Written By: Mohammed al-Kibsi
Article Date: Jun 5, 2010 - 10:33:42 AM
Yemen may review its tactics in fighting al-Qaeda operatives after an air strike aimed at al-Qaeda killed the secretary general of the local council of Marib province and led to clashes between his kinsmen and the army, said the Foreign Minister Dr. Abu Bakr al-Qirbi.
According to the Gulf Times al-Qirbi said that the government inquiry into last week’s strikes that killed Jaber al-Shabwani . and four others will also investigate whether drones were involved in the operation.
“If there was a drone, and we don’t know, then we have to find out if this was used by the Yemeni security forces or by others, but we don’t know how the incident happened. We will have to wait for the results of the investigation,” Qirbi said. When asked if other parties could include the US, Qirbi said, “Yes.”
Qirbi said that further action by the Yemeni government in response to the killing of Shabwani, who was also deputy governor of Marib province where the strike occurred, would depend on the outcome of the investigation.
“There can be prosecutions, there can be political security decisions on the matter. There might also be an addressing of the approach in fighting terrorist groups and terrorism in Yemen,” he said.
In the days following the May 25 attack, members of Shabwani’s tribe clashed with security forces and twice blew up an oil pipeline running through Marib and cut power cables linking the power plant in Marib to most main Yemeni cities including the capital Sana’a.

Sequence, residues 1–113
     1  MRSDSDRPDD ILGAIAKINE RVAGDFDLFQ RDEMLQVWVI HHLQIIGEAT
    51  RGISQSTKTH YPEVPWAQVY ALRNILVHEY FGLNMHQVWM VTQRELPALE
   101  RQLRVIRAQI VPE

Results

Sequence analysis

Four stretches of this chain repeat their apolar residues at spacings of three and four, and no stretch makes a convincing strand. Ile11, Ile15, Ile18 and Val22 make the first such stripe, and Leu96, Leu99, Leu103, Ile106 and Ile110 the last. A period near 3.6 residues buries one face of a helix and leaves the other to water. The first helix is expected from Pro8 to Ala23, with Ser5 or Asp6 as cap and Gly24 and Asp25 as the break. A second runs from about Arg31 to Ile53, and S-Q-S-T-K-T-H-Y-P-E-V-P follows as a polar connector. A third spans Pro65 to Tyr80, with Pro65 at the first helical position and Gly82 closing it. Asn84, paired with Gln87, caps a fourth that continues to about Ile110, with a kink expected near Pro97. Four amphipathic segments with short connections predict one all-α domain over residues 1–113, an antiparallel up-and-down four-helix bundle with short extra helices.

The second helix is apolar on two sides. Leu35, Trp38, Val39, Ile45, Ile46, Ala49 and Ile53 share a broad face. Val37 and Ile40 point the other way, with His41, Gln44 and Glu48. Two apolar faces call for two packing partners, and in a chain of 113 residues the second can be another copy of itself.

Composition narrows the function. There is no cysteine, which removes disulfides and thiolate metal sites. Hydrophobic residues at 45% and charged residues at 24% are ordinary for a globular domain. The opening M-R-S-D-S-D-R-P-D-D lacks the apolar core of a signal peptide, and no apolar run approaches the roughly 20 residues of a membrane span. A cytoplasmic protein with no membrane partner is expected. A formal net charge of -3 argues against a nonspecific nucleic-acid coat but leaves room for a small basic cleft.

Officials said Shabwani had been en route to meet Al Qaeda members to seek their surrender. A top Yemeni security body expressed sorrow over Shabwani’s death, calling him a martyr.
Asked about the strike, US officials have said Washington plays a supporting role by helping Yemeni forces track and pinpoint targets.
US officials said last week that the US military and spy agencies have stepped up intelligence gathering using surveillance aircraft, satellites, and signals intercepts to track Al Qaeda targets in and around their base in Yemen.
Qirbi said he was not afraid of a possible backlash from Yemenis who object to US interference. “This is in line with Yemen’s request in fighting terrorism,” he said.
“Those who want us help fight terrorism have to help us in providing us with the logistical support, with the training, with the firing power. This is what we need from them, from the Americans and others in our fight against terrorists.”
After the September 11, 2001 attacks, the US and Yemen joined forces to fight Al Qaeda, and Washington has kept a close eye on developments in the country.
Yemen’s prime minister said on Sunday that Yemen would not accept any attempt by the US to assassinate radical US born preacher Anwar al-Awlaki, who is wanted dead or alive by Washington and is currently in hiding in Yemen.
• Offensive against militants drives US drone campaign, tribes claim
• Family to hand over militants should drone campaign cease
• Government says Al Qaeda deputy amir dead, experts skeptical